MSLOC Program Celebrates 10th Anniversary

MSLOC Program Celebrates 10th Anniversary

The Master of Science in Learning and Organizational Change program (MSLOC) at the School of Education and Social Policy marks its 10th anniversary with a celebration this spring. Since 2002 the program has expanded by offering community, innovation and the marriage of theory to practice — and it now encompasses students from around the world.

In honor of the program’s anniversary, alumni are sharing their memories online — on topics from friends to first encounters, retreats to course packs — on remember.com. This new online memory bank was launched by alumnus and entrepreneur Jason Becker (MS11). His MSLOC capstone research looked at the "lived experience" of entrepreneurs. 

Then on May 5, alumni, faculty and staff will gather at the Allen Center for an evening of festivities that include talks, comedy, activities and awards.

The MSLOC program began in 2002 with the goal of understanding sustainable change in organizations and preparing leaders of strategic change. Jeanne Egmon, now a research associate professor at Kellogg School of Management, was the first director.

Kimberly Scott, who became director in 2005, emphasizes learning as a way to create change in organizations. "Focusing on people and individual growth is important — for individual and organizational success," says Scott, who has studied healthy companies and brings practical experience from 10 years' work as a manager and a consultant for several Fortune 500 companies.

Historically, today's MSLOC program evolved from two earlier SESP graduate programs: Corporate Training and Development, and Organizational Development and Workplace Learning. This evolution has followed progress in the field, where the focus has shifted from training to knowledge about talent management and human capital, according to Scott.

Assistant director Terri Cramer sees a broader range of students coming to the program. "Since our start, our student community has always featured a diverse mix of occupations and interests. Now that we attract students from all over the United States, we find that we still have people who come to our program to launch or further develop their careers in human performance consulting, but we have many others — architects, lawyers, corporate and not-for-profit leaders, entrepreneurs, and educators, to name a few — who want to belong to a learning community that challenges them to think completely differently about the impact they can have on their respective fields and on their places of work. The common desire they all share is to become better leaders and advocates for positive change."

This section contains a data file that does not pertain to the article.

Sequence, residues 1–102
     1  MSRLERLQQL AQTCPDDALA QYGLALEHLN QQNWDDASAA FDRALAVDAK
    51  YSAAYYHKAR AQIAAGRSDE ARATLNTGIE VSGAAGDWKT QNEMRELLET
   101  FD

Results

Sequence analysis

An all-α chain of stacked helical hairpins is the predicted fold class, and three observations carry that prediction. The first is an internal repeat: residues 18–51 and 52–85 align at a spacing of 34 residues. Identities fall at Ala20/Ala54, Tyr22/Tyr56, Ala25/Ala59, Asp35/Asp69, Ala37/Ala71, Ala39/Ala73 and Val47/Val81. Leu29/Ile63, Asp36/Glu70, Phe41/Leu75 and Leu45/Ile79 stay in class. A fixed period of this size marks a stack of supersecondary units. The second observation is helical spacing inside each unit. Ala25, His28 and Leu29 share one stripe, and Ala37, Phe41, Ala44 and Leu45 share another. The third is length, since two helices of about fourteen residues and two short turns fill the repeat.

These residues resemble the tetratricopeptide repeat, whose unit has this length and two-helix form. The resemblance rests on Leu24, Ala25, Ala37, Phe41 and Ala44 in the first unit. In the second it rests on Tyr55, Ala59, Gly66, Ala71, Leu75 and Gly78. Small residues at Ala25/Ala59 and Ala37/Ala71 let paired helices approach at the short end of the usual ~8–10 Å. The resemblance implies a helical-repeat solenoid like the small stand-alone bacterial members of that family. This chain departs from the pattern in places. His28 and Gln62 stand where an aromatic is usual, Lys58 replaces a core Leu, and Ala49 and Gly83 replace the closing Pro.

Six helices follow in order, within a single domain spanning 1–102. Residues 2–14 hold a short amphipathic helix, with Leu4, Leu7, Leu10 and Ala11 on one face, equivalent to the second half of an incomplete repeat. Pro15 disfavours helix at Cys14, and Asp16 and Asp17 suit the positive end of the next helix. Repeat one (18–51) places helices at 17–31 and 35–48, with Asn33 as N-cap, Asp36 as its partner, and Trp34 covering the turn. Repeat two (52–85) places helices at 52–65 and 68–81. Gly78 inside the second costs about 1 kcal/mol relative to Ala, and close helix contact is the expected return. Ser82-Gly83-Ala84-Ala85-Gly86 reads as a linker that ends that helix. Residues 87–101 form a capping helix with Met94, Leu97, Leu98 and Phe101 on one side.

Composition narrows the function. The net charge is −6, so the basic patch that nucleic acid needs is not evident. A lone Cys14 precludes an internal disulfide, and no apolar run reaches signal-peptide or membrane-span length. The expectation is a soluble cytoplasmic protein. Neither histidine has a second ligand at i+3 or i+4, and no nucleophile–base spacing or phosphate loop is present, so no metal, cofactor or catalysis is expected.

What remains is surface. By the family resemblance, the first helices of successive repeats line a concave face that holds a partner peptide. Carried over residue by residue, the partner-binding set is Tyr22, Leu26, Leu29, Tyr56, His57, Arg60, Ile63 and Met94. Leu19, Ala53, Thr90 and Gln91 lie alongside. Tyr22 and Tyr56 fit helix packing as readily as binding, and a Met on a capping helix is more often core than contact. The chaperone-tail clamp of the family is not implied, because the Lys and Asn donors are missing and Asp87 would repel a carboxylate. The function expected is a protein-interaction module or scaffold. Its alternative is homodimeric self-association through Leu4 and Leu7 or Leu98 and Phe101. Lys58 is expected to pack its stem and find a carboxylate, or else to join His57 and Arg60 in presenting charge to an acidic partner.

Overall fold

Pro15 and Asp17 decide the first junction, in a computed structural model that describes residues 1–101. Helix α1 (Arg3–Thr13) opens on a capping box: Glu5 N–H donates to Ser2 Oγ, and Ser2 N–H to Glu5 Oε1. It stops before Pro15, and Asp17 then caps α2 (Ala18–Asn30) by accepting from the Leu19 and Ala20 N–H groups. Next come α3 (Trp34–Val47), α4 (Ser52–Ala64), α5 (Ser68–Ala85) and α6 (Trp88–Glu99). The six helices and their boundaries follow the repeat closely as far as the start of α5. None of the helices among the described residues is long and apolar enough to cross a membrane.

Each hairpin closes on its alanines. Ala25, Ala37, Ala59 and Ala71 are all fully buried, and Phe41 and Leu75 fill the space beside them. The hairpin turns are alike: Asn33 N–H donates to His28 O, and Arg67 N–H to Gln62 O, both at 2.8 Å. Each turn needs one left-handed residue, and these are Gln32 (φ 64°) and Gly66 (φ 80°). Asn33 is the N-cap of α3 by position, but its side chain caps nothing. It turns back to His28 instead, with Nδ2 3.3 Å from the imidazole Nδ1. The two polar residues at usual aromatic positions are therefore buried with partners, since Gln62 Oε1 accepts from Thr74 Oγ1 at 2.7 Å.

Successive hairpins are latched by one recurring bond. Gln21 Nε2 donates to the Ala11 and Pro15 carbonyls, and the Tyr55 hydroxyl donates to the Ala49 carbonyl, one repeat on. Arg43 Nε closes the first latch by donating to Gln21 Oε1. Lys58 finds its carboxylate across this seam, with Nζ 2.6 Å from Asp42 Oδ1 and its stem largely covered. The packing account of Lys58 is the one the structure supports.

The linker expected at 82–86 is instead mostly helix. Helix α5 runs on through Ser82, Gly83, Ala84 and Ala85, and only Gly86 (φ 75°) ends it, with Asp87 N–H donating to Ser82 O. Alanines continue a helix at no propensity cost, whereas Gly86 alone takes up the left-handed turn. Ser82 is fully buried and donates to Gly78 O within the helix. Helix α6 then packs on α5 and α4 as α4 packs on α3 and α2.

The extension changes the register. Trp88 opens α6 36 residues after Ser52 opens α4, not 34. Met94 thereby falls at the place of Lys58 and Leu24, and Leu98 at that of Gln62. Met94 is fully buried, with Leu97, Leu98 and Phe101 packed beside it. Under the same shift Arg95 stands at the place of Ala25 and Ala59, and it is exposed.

In the last few years, noteworthy milestones for the program have included a change in the degree name and the inauguration of a Foundations course. In 2006, graduates of the program began receiving a master’s degree in learning and organizational change instead of a master’s in education and social policy. The Foundations course, which started the same year, introduces students to the program’s project-based learning approach and provides an overview of key ideas related to organizational function and behavior, applied cognition, and learning theories.

In 2009 MSLOC introduced an alternative schedule option, which combines online with in-person course work and allows students from across the nation to earn the degree or a certificate.  As a result, now nearly 20 percent of MSLOC students reside outside the Chicago area.

In addition, MSLOC continues to lead with innovative use of technology to support the program, including web conferencing, desktop video conferencing, Google applications, blogs, wikis and social media. The aim of all of MSLOC’s technological initiatives is to build a learning community where students learn from each other, according to Jeff Merrell, associate director.

Looking to the future, Scott plans to retain the elements that have made the MSLOC program a success. "We'll continue to foster one common learning community among our students, no matter where they live or whether they are full-time, part-time, degree or certificate students. We'll continue to focus on innovation in the classroom and ensure that we integrate both theory and practice in a way that matches the career interests of our students. We'll continue to engage faculty who are experts in their field.”

"But MSLOC takes a multidisciplinary approach to learning and organizational change. So change is in our DNA. In the near future, we're integrating design thinking and design methodology more broadly across the program. We're pushing further in the use of social technology as an integral part of learning and knowledge sharing for the program. Beyond that, we'll continue to seek out important new ideas and approaches and build them into our program. That's what makes this field so much fun," says Scott.

Contact Us

Master's in Learning & Organizational Change

First Floor, Annenberg Hall
2120 Campus Drive
Evanston, IL 60208
Northwestern University

Phone: 847/491-7376

Email: msloc@northwestern.edu